I learned about the priest who molested 23 boys

Retired Pope Benedict XVI has made an unusual confession. Instead of sticking with a controversial refusal that he ignorant of the scores of predator priests who moved around German parishes when he was in charge of the Munich diocese, he now says he knows about at least one of them.

In a statement issued late last week to German media outlets and later Catholic News AgencyBenedict’s personal secretary Georg Gänswein managed to fix the record for the ailing former pope.

Gänswein admitted that Benedict had told independent investigators hired by the German Catholic Church that he had no recollection of having been shown to have attended the hearing on Father Peter Hullermann, an accused priest. forced to abuse at least 23 boys between the ages of 8 and 16. Gänswein said Benedict “will now want to make it clear that, contrary to what was stated in the hearing, he attended the regular meeting on 15 January 1980.” Hullermann went on to be accused of abuse. children until he was finally withdrawn from the active priesthood in 2010.

“The claim to the contrary is objectively incorrect,” Gänswein said in a statement about what the former pope told investigators. “He wanted to emphasize that this was not done for bad reasons, but as the result of an error in the editing of his statement. He will explain how this happened in the pending statement. He deeply regrets this mistake and apologizes for this mistake.”

Last week, the German law firm commissioned to investigate the German church found that prior to his election as pope, Joseph Ratzinger was directly involved in at least four cases of predatory priests he had consent to be reassigned with full knowledge of the many abuse allegations against them. Benedict led the diocese of Munich from 1977 to 1982, when he was appointed to the Holy See by his predecessor, Pope John Paul II, to head the Congregation for the Doctrine of the Faith.

But at the meeting in question, attendees who cooperated with the law firm’s investigation said Hullermann’s troubling situation was indeed discussed and it was decided that because he admitted to sexually abusing child, he will be given accommodation in Munich – under the direction of Ratzinger. —While he was receiving therapy. At the time, he was not removed from active parish duties or kept from children. That happened then – when he was transferred to a tourist parish in 2008, where he was described as “sociable and friendly – especially with young people”.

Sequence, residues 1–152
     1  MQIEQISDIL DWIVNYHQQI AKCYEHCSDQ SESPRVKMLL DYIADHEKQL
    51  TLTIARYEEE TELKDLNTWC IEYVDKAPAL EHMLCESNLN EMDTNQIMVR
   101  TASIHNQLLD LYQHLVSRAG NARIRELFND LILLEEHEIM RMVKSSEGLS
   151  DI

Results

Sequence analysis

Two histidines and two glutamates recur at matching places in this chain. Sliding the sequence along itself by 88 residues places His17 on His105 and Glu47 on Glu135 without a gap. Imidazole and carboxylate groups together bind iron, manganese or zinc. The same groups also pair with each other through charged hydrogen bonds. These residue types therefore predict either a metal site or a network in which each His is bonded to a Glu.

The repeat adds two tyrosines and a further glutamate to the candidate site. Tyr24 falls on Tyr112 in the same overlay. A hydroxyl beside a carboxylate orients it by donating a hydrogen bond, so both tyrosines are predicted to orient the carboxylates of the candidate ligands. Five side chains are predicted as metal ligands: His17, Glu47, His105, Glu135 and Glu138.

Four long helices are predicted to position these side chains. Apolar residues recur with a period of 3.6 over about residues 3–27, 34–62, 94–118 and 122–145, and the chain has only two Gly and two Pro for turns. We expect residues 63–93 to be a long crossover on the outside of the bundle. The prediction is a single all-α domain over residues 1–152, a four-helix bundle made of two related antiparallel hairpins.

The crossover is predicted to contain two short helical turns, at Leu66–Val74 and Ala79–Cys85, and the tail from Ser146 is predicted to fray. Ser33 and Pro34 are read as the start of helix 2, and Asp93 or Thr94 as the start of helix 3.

Gänswein sought to clarify Benedict’s position – when he erroneously told investigators he did not attend a meeting he had apparently attended – as an “editing error” on the subject. referring to the agenda of the meeting, rather than whether he was there or not. “However, objectively correct and documented by the records, is the statement that no decision was made at this meeting regarding the pastoral duties of the priest in question,” he said. . “Rather, there was only a request to accommodate him during his treatment in Munich.”

As it happened, a subordinate in the diocese of Munich, Monsignor Gerhard Gruber, continued to take all responsibility for Hullerman’s transfer. According to Gänswein, Benedict is now expected to clarify further, after he has reviewed the entire 1,900-page report by German investigators.

Benedict, 94, is the first pope in more than 400 years to retire in 2013. His successor, Pope Francis, has not publicly commented on the German church scandal. The Vatican press office has forwarded all inquiries to Gänswein.

https://www.thedailybeast.com/pope-benedict-i-did-know-about-priest-who-molested-23-boys?source=articles&via=rss I learned about the priest who molested 23 boys


ClareFora is a Interreviewed U.S. News Reporter based in London. His focus is on U.S. politics and the environment. He has covered climate change extensively, as well as healthcare and crime. ClareFora joined Interreviewed in 2023 from the Daily Express and previously worked for Chemist and Druggist and the Jewish Chronicle. He is a graduate of Cambridge University. Languages: English. You can get in touch with me by emailing: clarefora@interreviewed.com.

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